About the speaker: Ahana Ghosh is currently working as doctoral scholar in Discipline of Humanities and Social Sciences at Indian Institute of Technology, Gandhinagar. She has completed her graduation in History and Masters in Archaeology from University of Calcutta, Kolkata. Later, she received her MPhil degree in Archaeology from department of AIHC, Deccan College Post Graduate Research Institute, Pune. Previously, she held a position of Visiting Fellow at Archaeological Research Laboratory, Stockholm University, Sweden. She also worked as a Junior Research Fellow at North Western Regional Centre in Anthropological Survey of India, Dehradun. She has hands-on experience in handling and analyzing archaeological samples from several premier labs in India like Saha Institute of Nuclear Physics, Inter-University Accelerator Centre, VECC and National Institute of Oceanography -Goa. Ahana had received several research grants like Calcutta University Travel and Endowment Grant for working in Stockholm University, Sweden and SIRP grant to join ‘International Geological Congress’, Delhi. Her research interest lies in several aspects of archaeology like archaeological exploration, geoarchaeology and archaeological sciences. She is currently working on ancient dietary pattern of Gujarat Harappans and using scientific tools like lipid residue analysis to understand the ancient subsistence strategies of Gujarat Harappans.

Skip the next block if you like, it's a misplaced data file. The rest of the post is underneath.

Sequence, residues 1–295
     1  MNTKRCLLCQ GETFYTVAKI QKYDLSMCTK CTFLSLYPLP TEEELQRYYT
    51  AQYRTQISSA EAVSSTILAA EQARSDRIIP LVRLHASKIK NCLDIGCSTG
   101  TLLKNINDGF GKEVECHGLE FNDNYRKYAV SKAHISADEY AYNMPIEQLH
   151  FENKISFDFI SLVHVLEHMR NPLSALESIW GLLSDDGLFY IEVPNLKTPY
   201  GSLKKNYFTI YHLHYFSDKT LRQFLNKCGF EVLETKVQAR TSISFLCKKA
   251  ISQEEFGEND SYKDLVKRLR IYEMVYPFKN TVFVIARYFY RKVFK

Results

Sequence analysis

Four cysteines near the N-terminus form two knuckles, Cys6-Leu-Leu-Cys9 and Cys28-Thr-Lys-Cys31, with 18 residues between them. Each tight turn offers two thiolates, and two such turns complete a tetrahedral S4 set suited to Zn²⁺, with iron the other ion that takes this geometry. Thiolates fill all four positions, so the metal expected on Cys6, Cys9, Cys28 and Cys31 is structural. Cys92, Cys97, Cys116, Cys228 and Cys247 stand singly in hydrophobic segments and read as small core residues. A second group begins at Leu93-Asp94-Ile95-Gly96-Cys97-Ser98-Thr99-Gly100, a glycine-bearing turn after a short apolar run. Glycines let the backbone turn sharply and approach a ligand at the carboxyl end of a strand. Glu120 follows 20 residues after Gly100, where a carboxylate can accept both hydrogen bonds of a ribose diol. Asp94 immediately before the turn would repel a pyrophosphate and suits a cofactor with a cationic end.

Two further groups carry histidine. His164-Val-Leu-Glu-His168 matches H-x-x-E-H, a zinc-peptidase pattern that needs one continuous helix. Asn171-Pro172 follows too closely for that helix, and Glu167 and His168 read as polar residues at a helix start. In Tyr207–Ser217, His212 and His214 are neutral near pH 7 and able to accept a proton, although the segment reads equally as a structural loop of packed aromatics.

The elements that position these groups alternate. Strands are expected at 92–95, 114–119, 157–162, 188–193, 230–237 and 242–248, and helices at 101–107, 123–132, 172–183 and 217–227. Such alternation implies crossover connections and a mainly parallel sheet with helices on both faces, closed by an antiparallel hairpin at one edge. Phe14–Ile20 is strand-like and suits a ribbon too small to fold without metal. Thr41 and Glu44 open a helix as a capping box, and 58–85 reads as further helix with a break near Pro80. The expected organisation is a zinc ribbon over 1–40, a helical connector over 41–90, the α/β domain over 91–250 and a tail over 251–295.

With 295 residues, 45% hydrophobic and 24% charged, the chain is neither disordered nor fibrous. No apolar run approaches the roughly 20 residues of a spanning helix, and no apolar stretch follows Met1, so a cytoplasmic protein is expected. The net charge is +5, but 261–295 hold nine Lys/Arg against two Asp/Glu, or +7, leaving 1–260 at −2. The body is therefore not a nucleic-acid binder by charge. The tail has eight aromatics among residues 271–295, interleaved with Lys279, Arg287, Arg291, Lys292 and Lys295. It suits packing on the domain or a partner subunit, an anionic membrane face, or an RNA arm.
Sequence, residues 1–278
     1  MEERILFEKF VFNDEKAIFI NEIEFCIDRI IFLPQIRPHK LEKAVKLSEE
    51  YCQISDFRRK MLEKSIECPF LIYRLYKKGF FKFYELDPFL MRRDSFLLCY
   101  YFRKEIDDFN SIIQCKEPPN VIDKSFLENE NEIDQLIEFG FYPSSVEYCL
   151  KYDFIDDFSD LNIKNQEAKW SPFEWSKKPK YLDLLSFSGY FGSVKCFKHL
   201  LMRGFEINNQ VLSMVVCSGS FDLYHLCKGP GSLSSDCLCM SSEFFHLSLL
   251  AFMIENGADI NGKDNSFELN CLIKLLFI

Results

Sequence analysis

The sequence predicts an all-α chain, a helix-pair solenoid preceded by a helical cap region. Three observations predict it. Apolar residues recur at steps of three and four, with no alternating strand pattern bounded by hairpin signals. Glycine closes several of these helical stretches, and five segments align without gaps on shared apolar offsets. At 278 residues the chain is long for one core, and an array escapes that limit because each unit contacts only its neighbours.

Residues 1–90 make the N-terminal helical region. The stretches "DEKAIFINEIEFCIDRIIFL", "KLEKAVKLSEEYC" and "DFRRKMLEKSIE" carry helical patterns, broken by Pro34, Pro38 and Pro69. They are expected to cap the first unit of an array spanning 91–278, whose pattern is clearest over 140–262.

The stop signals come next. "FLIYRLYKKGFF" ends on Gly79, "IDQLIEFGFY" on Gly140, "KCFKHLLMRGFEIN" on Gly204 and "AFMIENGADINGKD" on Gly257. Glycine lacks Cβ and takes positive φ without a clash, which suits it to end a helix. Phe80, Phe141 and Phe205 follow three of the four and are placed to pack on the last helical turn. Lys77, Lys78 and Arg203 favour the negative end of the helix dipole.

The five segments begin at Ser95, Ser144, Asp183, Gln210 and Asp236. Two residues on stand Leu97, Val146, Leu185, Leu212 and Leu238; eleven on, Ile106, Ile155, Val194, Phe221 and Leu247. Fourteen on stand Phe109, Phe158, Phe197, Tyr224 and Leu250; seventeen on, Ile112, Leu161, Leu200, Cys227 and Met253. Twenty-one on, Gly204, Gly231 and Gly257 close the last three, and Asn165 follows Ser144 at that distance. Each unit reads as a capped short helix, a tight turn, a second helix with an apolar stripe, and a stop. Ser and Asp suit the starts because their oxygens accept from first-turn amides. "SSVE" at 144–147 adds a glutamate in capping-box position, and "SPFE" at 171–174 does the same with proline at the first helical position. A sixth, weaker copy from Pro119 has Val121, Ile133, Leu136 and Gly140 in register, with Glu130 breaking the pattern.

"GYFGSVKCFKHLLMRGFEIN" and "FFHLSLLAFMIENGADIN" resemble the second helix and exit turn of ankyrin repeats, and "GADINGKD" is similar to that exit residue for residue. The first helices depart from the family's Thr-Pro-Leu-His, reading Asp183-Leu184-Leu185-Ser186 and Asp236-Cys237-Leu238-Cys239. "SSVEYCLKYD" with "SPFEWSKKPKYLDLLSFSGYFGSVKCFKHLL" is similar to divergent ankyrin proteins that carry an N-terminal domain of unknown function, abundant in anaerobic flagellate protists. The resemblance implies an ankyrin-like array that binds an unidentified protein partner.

Abstract: An exploration was carried out in a so-far unexplored region along the shoreline of Bay of Bengal, located in the East Medinipur district, West Bengal. The survey resulted in the discovery of three inter-tidal archaeological sites represented by scattered mudflats and large ceramic assemblages just near the shore-line. The discovery of three inter-tidal archaeological sites in the region has thrown light on the early settlement near the shoreline which was previously considered to be of marginal significance and the detailed analysis of ceramic assemblage has shown some traces of possible coastal contact with South-east Asian countries. This discovery has opened new possibilities for more geo-archaeological and marine archaeological research in this part of the coastal region in the future.We look forward to an active discussion and hope to see you all there!